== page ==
While BLF’s shares were held by an offshore company, a 2012 filing with the U.S. Securities & Exchange Commission describes Statti as the company’s managing director. Robert Woolfson, the appointed liquidator, wrote in a U.K. company filing that Statti, BLF’s “de facto director,’’ increased the deficit by engaging in “unauthorized trading.’’ The firm is still in liquidation. Officials at JPMorgan and Citigroup declined to comment.
Statti, who favored three-piece suits at BLF and arrived to work on a scooter, often gave clients Italian wine, according to two former colleagues, who requested anonymity.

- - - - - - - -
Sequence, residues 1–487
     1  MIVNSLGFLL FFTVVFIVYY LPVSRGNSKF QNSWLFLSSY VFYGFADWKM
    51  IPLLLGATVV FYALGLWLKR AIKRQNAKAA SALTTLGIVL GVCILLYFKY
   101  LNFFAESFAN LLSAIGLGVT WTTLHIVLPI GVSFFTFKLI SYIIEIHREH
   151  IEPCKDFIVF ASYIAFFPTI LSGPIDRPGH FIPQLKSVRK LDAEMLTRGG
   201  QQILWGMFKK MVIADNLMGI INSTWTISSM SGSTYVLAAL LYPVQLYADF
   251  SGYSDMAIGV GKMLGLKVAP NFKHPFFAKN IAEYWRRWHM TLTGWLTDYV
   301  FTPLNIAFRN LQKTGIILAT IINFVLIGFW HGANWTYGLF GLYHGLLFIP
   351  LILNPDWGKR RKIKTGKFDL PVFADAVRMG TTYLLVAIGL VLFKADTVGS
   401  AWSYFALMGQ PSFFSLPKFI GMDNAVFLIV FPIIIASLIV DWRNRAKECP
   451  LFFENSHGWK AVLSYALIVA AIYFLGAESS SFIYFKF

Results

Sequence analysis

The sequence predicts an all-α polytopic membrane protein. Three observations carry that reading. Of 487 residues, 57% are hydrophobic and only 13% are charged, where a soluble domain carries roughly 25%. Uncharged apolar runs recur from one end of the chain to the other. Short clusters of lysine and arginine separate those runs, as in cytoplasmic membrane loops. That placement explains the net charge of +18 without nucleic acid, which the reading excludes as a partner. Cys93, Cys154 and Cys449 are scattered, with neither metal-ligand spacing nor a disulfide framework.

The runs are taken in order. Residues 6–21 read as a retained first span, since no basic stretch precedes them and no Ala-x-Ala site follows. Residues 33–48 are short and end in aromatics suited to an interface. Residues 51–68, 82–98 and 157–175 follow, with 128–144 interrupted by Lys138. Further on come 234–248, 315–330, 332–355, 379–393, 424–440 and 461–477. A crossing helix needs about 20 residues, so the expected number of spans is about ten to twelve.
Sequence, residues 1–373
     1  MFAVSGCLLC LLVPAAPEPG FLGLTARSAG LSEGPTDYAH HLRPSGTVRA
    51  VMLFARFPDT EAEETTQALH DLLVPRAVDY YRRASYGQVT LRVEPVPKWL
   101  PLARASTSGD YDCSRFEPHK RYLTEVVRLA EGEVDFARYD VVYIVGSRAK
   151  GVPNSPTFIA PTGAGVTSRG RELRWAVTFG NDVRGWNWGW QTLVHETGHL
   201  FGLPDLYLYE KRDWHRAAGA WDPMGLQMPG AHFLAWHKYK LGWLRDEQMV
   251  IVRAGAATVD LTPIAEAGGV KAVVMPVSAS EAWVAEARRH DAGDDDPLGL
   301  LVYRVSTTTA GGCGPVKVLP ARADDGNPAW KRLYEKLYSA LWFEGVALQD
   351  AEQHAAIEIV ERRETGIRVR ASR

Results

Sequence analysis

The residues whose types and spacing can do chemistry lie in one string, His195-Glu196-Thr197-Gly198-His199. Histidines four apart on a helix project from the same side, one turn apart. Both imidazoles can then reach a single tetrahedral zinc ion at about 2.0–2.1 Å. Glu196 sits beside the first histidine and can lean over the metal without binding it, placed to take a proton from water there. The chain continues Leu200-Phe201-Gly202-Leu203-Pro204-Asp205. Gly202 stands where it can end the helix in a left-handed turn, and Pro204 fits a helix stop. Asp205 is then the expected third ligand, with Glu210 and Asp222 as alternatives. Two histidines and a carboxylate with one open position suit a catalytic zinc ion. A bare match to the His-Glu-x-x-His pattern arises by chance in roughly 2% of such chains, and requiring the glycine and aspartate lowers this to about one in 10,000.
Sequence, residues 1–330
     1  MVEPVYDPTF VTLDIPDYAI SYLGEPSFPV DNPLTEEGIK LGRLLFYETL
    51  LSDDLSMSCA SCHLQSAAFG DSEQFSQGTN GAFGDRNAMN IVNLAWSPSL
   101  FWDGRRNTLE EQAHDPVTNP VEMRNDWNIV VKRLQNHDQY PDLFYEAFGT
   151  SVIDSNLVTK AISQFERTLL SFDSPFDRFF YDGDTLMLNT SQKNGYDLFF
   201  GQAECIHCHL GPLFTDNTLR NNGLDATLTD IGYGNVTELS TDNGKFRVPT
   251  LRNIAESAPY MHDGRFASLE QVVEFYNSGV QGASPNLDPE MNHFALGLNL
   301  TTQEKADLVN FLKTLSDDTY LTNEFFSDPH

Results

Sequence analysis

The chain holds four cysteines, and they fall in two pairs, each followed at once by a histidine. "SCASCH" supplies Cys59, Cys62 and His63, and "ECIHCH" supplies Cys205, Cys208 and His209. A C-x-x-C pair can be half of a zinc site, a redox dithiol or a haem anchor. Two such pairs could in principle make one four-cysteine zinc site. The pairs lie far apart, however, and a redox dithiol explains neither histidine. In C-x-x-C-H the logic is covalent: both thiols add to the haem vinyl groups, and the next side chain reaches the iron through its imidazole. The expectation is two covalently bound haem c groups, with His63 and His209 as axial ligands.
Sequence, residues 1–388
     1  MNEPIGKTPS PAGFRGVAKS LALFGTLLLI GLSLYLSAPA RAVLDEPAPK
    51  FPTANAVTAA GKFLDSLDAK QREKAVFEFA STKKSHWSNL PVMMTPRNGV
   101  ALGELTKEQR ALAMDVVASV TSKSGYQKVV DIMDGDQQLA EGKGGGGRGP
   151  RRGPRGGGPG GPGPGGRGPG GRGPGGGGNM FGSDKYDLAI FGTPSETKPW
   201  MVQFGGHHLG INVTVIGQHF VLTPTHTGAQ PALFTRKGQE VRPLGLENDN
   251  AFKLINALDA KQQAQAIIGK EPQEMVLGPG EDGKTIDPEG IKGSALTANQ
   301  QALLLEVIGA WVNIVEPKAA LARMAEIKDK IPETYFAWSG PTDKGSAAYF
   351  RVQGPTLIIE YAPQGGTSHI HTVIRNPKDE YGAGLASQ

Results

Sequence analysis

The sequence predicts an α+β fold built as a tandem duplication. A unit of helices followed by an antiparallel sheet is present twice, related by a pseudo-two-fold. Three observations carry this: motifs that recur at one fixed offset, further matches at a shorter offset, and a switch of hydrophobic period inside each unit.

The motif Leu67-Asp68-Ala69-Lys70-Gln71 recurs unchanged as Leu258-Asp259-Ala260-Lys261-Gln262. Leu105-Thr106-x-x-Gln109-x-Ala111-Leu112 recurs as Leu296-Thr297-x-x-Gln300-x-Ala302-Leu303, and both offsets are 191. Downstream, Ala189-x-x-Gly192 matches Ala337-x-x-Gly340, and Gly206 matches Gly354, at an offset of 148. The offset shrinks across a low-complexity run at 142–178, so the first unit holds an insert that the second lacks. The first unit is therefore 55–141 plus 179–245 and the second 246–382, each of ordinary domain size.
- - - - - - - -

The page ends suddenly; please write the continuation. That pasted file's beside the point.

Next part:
“He was a very colorful and funny guy,’’ said Enrico Danieletto, the founder and chief investment officer of hedge fund Pairstech Capital Management LLP, who shared an office with Statti and BLF around 2011. “He seemed a good guy doing short-term trading.’’
Almost a decade before BLF’s collapse, Statti started Bi-Elle Fund & Asset Management U.K. Ltd., where he was listed as the only shareholder and director. By 2008, the firm was losing money and facing litigation claims amounting to about 25 million pounds, company filings show. Bi-Elle ceased operations that year with losses of 54 million pounds and was dissolved last January.